Silkeborg is a small town halfway between Aarhus and the town I grew up in, Herning. With the motorway now complete between Herning and Aarhus, it is no longer necessary to drive through the town – though the motorway is not without controversy. It was clever politicking by local government politicians that saw significant investment in road infrastructure to Herning, the Capital of the Heath. And though Silkeborg residents probably benefit from the connectivity created by Herning Motorvejen, I heard a fair amount of resentment for the rival town.
What Silkeborg has over Herning is natural beauty. When the ice receded during the last ice age, it created a flat corner, right down the middle of Jutland, from Viborg in the north to the German border in the south. While the heath landscape of this area was largely reclaimed and drained in the 19th century, it is still completely flat and windswept, and not particularly fertile.
The other side of this midline is a different story. The ice created hills (including the infamous Himmelbjerget ‘sky mountain’, all of 147m above sea level and the third highest point in Denmark), lakes and vallies with fertile soil, ripe for human habitation. The countryside around Silkeborg is particularly beautiful with lakes and dense forrest. It is no wonder that 10,000 years ago when the first human immigrants followed the deer north through Europe and into the Scandinavian peninsula they settled in the area we know as the ‘seahighland’. Archeological diggings at Bølling, near Silkeborg, has revealed a very old settlement from 9,600 b.c. Over the years, the Silkeborg area has been subject to many archeological digs, and treasures continue to emerge whenever a developer digs down into the rich soil.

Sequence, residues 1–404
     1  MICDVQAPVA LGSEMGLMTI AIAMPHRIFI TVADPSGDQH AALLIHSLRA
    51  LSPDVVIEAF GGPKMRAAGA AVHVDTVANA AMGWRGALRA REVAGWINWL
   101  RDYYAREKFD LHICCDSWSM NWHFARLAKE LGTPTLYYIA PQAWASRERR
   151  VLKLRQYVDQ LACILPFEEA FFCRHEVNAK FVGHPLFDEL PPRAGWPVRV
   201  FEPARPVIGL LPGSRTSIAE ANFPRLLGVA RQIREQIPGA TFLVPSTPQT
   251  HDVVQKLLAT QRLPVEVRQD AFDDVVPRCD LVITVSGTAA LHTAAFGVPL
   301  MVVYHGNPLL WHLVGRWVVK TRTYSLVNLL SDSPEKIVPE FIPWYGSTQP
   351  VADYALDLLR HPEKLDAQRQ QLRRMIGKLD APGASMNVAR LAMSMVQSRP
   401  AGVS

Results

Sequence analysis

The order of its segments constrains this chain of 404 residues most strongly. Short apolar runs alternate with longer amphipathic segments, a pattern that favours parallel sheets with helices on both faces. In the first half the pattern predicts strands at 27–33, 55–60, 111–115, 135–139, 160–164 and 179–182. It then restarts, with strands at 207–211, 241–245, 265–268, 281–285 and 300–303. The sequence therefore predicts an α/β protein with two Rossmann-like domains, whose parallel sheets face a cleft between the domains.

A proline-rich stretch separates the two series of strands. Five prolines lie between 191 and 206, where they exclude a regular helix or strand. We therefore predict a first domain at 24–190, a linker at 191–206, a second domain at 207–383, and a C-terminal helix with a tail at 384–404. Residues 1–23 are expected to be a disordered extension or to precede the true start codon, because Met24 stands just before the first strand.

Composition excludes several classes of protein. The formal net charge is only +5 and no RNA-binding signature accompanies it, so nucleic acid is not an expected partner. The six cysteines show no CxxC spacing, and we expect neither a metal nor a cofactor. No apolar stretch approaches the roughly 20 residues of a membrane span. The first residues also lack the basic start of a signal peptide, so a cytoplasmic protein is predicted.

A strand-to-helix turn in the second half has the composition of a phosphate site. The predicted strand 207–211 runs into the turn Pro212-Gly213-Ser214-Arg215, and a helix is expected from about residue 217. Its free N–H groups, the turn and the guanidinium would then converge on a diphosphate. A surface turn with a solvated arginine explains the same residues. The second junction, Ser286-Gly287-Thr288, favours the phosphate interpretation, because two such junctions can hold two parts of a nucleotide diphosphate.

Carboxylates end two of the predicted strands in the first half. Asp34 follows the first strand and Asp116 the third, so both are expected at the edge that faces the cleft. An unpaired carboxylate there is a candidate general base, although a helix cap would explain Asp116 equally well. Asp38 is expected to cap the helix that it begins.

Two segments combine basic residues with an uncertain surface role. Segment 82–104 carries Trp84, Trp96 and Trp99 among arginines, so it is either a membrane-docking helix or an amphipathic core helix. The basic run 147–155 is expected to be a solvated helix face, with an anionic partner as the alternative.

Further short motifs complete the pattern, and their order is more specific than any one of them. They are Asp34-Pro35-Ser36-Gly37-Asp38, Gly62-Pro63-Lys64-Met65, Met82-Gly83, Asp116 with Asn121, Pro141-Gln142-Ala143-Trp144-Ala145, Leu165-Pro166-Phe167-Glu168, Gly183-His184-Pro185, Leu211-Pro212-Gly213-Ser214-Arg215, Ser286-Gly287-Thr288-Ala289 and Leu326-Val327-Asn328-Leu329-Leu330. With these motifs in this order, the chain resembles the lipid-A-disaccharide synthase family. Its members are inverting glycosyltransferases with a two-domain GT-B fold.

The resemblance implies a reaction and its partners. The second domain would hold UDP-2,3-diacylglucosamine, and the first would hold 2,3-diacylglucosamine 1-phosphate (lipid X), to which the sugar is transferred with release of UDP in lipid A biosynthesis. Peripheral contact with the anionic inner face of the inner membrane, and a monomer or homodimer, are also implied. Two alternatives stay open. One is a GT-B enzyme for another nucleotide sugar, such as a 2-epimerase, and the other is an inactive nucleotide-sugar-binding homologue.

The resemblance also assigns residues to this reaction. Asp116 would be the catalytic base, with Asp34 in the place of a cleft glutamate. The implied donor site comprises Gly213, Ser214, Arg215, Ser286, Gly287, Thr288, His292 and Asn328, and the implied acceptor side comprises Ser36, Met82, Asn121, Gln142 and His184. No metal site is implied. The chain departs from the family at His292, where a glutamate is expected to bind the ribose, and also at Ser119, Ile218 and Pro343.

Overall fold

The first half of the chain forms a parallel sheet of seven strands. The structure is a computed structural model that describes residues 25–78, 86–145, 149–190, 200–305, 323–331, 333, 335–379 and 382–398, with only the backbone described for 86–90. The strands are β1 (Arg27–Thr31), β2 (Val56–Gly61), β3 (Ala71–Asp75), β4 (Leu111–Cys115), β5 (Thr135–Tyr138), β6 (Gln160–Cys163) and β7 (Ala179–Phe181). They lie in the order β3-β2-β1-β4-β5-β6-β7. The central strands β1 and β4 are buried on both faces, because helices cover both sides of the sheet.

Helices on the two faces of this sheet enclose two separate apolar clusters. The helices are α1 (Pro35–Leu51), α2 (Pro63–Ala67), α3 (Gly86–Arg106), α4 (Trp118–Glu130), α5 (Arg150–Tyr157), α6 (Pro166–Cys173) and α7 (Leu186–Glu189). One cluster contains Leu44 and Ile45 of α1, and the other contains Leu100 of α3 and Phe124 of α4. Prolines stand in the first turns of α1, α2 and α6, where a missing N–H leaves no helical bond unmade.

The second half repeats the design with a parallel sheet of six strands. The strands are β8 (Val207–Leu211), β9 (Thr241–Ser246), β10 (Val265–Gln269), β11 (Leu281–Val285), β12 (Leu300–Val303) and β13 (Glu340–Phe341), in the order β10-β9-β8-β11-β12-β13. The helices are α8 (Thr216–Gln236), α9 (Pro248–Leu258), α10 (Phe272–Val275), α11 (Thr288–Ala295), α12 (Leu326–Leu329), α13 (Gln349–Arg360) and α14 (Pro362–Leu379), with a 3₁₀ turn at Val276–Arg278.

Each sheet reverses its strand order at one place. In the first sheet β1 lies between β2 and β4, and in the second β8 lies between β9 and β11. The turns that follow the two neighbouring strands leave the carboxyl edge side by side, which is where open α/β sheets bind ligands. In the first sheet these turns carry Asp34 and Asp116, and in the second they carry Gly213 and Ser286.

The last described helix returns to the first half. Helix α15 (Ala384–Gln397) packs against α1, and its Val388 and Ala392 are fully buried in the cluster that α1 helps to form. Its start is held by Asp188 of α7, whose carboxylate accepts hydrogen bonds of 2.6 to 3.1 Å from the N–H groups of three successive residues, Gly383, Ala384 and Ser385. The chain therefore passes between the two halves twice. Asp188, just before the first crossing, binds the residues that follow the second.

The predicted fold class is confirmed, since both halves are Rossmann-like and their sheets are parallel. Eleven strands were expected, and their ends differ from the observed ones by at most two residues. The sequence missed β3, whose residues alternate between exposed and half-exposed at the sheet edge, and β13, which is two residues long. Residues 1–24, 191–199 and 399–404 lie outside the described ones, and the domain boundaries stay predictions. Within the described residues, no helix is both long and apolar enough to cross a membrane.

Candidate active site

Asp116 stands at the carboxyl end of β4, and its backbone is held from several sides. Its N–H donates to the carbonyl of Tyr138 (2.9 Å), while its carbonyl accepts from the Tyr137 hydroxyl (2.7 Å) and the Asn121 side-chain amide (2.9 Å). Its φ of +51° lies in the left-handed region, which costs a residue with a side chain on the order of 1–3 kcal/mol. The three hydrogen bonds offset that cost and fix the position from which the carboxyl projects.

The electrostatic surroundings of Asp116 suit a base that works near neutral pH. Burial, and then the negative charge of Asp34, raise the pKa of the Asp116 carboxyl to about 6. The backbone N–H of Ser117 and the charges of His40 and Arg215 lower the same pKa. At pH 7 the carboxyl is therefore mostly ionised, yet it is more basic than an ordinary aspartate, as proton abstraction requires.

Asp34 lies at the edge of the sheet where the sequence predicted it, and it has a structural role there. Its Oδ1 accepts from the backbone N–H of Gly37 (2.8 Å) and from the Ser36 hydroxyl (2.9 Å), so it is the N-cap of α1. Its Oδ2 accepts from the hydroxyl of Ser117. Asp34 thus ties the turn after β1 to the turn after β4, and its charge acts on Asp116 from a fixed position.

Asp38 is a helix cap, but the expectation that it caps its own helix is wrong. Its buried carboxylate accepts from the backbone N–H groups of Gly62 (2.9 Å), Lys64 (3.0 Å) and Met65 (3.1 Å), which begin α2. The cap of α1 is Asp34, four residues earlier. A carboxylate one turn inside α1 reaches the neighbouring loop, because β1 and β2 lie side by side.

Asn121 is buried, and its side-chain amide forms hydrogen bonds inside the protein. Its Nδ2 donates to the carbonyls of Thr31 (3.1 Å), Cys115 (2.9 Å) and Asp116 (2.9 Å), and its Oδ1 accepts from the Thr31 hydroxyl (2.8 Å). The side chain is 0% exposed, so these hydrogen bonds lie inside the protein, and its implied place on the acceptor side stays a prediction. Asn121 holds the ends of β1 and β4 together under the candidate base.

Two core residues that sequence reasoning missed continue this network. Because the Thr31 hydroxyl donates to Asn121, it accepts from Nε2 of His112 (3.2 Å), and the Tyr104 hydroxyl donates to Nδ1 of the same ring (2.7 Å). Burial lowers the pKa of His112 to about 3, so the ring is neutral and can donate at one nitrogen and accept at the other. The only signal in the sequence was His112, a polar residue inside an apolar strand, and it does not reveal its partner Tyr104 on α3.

The most famous inhabitant of Silkeborg is Tollundmanden, an extremely well-preserved corpse from the iron age around 200-300 b.c. He was discovered in 1950 and is thought to have been sacrificed at the bog. He can be seen at Silkeborg Museum.
Another famous guy, Grauballemanden, was also found near Silkeborg a couple of years later. His body can now be found in a fantastic shrine at Moesgaard Museum in Aarhus.
A third famous person to come from Silkeborg is the artist Asgar Jorn (1914-1973), one of the founding COBRA artists. It is fair to say that Jorn left his mark, not just in his hometown but on the art world, and still inspires budding artists today. He has his own museum in Silkeborg, which is well worth a visit if you are at all interested in art.
When we came to Silkeborg this time, we visited very live people, thankfully. We had new potatoes and barbequed meats, and walked around Almindsø. We also attended the opening of the newly surfaced town square, inspired by one of Jorn’s automation drawings. It was a sunny day and we enjoyed the jazz music and a couple of cold beers. Unfortunately, some of the people we shared it with ended up with quite a sunburn!